FORMATION OF THE GREAT LAKES, PAGE 19

11/8/2022

On the southern end of Lake M/H there is a loss of continuity in the crater ellipse. If one looks at shallow Lake Erie, the far western edge is the shallowest, while the east flowing water is deeper on that portion. If one examines the length and angle in relation to the latitude, you could theoretically slide it westward and it would complete the water filled crater at the southern end, making a complete framing of the enclosed crater similar to Lake Manicouagan. It is totally within the realm of possibilities that glacier debris conveyored by southward flowing glaciers filled in the old southern connection path of Lake M/H with its large CFM rates during the many glacier-melting years. Lake Erie now removes any rainfall in the Superior/Michigan/Huron drainage basin and sends it over the erosion resistant Niagara Escarpment at Niagara Falls. Lake Erie, in essence, is a giant reservoir held back by the encircled Niagara Escarpment that disappears below grade on the southern end due to the nature of that impactor’s shape, speed, and composition.  However, on the far northern end, the Escarpment is absent because it met any glacier flows head on. Being of a limestone construction, the wall was at a 90°angle to any glacier advancement from the south shores of Rift Lake Superior. The current minor elevation difference between Lakes Superior and M/H would have assisted the glaciers to attack this soft wall, head on with a strength similar to marble (a number of 3-4 on a increasing scale up to 10 with granite being 6-8). Thus, its absence on the North end today could be explained. Looking down the west side of Lake Michigan or the east side of Lake Huron, the Escarpment can be seen with elevations of nearly 100′ above the terrain. There are sporadic breaks where the glaciers have broken through but, for the most part, the direction of the Escarpment is parallel to the glacier flow. The glaciers just moved on both sides of them acting as huge, yet fluid, lateral supports.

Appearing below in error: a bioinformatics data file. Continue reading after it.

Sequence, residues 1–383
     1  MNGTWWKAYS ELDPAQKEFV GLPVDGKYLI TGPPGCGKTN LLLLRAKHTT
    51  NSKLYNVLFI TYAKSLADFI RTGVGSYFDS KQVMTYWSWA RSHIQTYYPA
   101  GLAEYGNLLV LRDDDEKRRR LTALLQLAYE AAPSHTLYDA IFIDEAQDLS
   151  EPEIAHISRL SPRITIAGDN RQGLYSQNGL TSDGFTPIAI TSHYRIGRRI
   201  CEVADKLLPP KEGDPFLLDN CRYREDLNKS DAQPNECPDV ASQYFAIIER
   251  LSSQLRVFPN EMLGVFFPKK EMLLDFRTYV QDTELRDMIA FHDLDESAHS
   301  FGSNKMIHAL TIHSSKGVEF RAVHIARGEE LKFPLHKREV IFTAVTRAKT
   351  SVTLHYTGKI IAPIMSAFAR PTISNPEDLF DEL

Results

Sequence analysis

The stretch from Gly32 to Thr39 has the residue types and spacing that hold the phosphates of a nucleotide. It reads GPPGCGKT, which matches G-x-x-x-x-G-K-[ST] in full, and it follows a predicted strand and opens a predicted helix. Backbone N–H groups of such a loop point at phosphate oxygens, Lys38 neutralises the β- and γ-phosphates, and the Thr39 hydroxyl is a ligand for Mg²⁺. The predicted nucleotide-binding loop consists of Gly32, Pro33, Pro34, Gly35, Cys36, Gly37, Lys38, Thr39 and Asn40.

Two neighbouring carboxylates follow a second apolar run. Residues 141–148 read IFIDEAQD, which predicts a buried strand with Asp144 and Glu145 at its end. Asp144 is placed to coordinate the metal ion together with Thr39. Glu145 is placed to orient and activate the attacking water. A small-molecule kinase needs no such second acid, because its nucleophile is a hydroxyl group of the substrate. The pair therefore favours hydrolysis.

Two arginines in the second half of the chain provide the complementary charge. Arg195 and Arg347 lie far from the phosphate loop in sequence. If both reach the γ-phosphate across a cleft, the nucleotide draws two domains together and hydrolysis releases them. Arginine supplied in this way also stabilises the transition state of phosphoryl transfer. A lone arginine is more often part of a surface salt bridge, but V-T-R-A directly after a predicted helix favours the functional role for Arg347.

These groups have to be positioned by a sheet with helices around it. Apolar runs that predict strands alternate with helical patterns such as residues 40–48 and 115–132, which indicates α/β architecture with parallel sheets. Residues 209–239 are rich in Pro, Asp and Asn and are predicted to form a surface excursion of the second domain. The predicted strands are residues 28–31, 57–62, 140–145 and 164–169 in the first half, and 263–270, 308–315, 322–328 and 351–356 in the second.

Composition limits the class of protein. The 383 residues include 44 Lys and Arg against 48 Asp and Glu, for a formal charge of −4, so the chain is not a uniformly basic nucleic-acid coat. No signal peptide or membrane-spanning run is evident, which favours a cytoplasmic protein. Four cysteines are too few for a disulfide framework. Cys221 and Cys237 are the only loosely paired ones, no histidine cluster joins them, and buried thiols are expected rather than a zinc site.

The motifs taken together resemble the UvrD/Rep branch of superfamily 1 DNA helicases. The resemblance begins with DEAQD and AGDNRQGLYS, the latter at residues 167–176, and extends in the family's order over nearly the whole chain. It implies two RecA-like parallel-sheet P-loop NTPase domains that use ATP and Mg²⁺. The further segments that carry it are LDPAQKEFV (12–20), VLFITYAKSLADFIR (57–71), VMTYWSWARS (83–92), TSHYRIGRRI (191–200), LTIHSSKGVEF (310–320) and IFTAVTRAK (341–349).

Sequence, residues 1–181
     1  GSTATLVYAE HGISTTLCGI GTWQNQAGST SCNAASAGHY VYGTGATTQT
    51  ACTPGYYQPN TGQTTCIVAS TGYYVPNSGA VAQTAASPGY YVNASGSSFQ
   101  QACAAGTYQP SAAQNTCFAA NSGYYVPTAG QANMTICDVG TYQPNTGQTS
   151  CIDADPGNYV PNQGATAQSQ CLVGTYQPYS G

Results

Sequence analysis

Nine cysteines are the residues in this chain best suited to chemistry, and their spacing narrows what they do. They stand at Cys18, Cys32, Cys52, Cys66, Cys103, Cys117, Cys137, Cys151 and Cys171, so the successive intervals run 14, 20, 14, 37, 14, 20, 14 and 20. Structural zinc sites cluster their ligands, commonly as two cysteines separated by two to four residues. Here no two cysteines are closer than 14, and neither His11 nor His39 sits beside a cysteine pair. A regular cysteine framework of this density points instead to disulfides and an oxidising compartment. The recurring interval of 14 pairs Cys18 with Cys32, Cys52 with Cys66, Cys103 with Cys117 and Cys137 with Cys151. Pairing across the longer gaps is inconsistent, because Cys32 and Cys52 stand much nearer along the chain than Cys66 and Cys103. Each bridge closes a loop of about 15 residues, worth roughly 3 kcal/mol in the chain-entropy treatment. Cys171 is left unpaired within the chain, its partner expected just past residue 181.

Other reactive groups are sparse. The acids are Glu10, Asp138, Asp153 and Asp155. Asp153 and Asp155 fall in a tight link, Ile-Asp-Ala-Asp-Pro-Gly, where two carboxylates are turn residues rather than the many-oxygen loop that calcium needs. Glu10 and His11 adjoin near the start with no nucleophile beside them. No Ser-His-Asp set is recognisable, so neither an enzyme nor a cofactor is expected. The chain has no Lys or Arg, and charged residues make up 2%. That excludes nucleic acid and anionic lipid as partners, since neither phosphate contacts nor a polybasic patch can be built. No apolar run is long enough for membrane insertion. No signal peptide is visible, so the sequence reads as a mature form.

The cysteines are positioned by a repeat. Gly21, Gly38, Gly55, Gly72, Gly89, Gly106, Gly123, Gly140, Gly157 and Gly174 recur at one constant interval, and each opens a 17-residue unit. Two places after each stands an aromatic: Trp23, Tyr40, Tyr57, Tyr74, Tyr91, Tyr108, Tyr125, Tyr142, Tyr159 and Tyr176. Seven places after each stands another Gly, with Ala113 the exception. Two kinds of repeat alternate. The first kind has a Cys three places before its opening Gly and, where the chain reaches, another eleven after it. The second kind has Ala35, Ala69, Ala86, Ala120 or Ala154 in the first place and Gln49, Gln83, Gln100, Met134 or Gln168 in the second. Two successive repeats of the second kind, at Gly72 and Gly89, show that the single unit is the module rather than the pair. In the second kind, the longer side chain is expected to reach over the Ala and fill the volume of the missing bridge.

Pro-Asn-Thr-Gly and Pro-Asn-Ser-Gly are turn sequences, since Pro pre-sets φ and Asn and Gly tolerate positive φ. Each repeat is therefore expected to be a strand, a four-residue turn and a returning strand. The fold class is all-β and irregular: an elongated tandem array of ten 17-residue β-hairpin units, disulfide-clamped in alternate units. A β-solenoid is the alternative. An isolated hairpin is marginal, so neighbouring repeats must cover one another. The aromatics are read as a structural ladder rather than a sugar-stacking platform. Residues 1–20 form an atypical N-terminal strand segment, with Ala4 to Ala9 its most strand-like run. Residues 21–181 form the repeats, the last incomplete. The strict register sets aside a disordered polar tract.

On the southern end of the impact crater Michigan/Huron, the elliptical shape is not closed with water. The land in this southeastern portion of the open ring is relatively flat. If you were to slide the relatively shallow Lake Erie to the west, the 2 ends of this lake would close and complete this crater. Glacier loess transported to this region could have filled in the original lake with soil and created the current shape. During heavy glacier melting, the high flows and scouring could have relocated Lake (River) Erie to its present position.
The shallowest of the Great Lakes: Lake Erie, which averages 62′. 


The Niagra Escarpment. The very northern end of where Lake Michigan joins Lake Huron is nearly non existent due to glacier attacks head on. 


Another satellite view of the impact crater: Lake Michigan/Huron looking southwest. 
 A completely enclosed impact crater lake in Quebec. English translation is Clear Lake.

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